For every hour spent shooting, you’ll have another two hours of editing and delivery.

I suggest not making discs. It’s a hard product which must be taxed. Most states require tax to be charged for the entire photo shoot if a disc is included. Better to separate charges for shoot separately and don’t include any hard product. No tax then.

Open a Gmail account and start delivering digital downloads through Google Drive. Again, no hard product is created so no tax is applicable. Check your state for local rules.

So one hour shoot equals a three hour job. $200 charge will put $50 in your pocket. That’s working for $16.66 per hour. The rest of the money is allocated for items listed above.

Don’t get into the habit of accepting cash and just putting it all in your pocket. Set professional standards from the beginning, and you’ll be on your way to actually becoming a professional. Do it right, and you can make a lot of money. Well over six figures.

Fire all your bad clients at the beginning of every new year. Refer them to your competition.

JLeslie's avatar

@adirondackwannabe I think she is way up by you. West of you I think.

ibstubro's avatar

Call other photographers in the area, give them the same scenario as you were given, and quote a price 25–50% below them.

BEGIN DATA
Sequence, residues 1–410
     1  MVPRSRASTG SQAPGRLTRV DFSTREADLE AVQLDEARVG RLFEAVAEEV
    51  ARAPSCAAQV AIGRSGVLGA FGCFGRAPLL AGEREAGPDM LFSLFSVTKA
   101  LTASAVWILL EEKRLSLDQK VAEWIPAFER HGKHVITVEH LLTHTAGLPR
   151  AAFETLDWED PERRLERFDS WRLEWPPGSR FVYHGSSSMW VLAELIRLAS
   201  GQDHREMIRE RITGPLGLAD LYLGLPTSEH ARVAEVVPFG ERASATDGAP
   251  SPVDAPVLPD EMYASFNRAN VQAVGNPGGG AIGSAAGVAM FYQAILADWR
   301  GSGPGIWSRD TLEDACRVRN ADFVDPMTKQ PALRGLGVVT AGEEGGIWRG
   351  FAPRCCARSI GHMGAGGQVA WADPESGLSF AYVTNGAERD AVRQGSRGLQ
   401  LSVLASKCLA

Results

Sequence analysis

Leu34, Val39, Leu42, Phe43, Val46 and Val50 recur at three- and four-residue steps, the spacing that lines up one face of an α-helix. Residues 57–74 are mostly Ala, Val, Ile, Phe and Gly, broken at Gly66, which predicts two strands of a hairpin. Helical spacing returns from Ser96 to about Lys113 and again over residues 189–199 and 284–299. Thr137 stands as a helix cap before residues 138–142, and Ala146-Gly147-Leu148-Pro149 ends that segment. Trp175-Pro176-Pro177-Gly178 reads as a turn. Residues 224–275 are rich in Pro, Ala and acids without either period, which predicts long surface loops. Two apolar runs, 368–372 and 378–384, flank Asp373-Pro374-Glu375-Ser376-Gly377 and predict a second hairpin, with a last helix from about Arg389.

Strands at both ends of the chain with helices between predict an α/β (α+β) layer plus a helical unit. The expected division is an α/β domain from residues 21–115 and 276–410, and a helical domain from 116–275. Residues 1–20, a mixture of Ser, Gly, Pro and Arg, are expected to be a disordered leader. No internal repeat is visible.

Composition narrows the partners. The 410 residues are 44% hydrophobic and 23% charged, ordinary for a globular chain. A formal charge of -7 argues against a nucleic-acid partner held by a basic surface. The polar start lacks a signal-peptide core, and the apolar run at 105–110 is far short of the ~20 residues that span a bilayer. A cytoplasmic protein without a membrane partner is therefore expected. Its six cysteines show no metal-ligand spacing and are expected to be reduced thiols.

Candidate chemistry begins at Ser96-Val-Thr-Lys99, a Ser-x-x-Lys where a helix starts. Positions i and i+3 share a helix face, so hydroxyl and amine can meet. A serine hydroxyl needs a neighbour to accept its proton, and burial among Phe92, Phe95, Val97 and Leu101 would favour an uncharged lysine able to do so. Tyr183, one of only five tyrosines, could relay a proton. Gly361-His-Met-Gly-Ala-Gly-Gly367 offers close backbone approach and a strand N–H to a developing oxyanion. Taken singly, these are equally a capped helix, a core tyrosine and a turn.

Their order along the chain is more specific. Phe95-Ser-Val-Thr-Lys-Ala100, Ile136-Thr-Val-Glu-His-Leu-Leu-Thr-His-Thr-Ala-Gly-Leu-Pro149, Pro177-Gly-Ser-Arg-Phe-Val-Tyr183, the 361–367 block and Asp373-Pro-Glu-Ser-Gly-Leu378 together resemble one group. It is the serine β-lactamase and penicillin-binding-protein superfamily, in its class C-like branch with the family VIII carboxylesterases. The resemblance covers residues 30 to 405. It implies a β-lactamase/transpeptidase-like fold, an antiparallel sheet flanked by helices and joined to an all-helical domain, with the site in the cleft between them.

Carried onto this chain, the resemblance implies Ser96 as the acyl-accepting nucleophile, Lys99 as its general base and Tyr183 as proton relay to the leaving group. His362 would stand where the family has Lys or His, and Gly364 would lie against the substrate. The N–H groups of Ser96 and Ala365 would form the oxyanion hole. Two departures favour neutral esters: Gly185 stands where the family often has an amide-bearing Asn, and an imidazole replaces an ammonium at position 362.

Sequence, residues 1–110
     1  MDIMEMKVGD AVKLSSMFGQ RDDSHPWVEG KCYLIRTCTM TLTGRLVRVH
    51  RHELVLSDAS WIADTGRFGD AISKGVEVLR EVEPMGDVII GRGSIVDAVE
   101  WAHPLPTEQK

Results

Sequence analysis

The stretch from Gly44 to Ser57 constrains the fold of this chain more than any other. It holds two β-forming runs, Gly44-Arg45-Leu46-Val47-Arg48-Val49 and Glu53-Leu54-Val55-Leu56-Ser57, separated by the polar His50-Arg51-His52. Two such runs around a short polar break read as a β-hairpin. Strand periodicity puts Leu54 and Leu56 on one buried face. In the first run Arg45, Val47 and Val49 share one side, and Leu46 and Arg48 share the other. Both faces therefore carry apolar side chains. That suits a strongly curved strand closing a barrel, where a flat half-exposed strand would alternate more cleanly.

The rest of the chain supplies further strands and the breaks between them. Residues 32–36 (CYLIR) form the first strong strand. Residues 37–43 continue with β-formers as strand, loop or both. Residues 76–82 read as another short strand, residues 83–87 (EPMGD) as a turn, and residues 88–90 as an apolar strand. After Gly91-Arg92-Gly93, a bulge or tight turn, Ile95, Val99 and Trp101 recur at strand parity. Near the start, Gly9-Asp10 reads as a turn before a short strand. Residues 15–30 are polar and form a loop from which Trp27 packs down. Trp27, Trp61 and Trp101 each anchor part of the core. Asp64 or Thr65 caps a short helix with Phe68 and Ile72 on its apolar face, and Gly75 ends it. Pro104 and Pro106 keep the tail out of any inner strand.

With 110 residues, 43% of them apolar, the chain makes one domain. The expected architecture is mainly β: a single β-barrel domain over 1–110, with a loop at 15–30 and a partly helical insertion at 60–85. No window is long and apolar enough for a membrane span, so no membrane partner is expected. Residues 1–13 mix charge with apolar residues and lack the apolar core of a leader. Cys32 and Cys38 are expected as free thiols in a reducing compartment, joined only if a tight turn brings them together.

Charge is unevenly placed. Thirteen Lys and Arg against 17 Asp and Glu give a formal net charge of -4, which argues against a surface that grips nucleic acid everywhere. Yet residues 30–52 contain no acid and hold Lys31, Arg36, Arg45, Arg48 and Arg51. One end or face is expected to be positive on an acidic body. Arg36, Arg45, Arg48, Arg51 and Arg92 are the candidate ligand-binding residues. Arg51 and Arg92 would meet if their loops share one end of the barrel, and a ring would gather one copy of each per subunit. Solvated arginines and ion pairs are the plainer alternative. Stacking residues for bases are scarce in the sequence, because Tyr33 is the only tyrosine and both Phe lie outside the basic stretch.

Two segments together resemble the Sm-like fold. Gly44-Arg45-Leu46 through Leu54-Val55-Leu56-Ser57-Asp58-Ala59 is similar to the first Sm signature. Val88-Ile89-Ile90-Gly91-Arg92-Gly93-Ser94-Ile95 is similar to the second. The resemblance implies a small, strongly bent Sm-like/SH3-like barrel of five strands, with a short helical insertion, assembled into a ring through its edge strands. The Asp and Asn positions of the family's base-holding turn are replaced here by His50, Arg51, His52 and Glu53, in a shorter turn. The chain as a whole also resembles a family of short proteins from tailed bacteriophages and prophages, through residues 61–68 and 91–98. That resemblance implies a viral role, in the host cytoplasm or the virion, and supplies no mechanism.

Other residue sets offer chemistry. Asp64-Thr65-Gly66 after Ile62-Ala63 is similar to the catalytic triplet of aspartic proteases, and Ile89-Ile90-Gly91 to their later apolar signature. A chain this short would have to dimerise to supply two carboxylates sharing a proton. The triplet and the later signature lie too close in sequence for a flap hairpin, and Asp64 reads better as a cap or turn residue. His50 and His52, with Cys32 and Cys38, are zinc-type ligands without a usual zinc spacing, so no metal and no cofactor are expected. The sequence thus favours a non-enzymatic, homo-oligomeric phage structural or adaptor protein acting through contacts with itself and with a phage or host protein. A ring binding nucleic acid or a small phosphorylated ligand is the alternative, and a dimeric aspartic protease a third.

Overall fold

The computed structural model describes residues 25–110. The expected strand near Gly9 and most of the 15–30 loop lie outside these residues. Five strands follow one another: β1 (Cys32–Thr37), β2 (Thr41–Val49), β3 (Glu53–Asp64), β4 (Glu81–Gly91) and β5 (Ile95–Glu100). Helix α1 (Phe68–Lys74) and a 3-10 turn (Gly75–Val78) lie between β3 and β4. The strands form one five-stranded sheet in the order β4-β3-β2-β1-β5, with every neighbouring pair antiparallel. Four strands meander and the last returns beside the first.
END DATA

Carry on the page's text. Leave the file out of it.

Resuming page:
You have to balance how high they are against your desire to start a great reputation in the area. Don’t cut-throat. Just ask a fee that is moderate enough that you can dismiss it as ‘amateur photographer’ later.
Good Luck!

dabbler's avatar

Be really clear about what you will deliver.
Of course you will be shooting during the event, then… is there a reception, are you expected there?
Are they expecting <x> number of photos in a finished album? Are they expecting to review a few hundred photos to pick some (how much time will that involve?).
Will you retain copyright to the images, so they have to come to you for reprints later?
Are you going to give them digital files of all the pictures you take (probably not) or of the best of them (not if you’re retaining copyright)?

Take a look around and see the details of what other photographers are offering, and for how much.

Cupcake's avatar

I would do it for whatever she offered. And I would give her a CD of all unedited images for free. I would also ask her to sign a release so that you can use any of the images in your future promotional material.

I would charge a moderate hourly rate for editing.

Things that would make me reconsider my advice:
– related college degrees
– certifications
– formal training

As is, you’re an amateur and she’s a friend.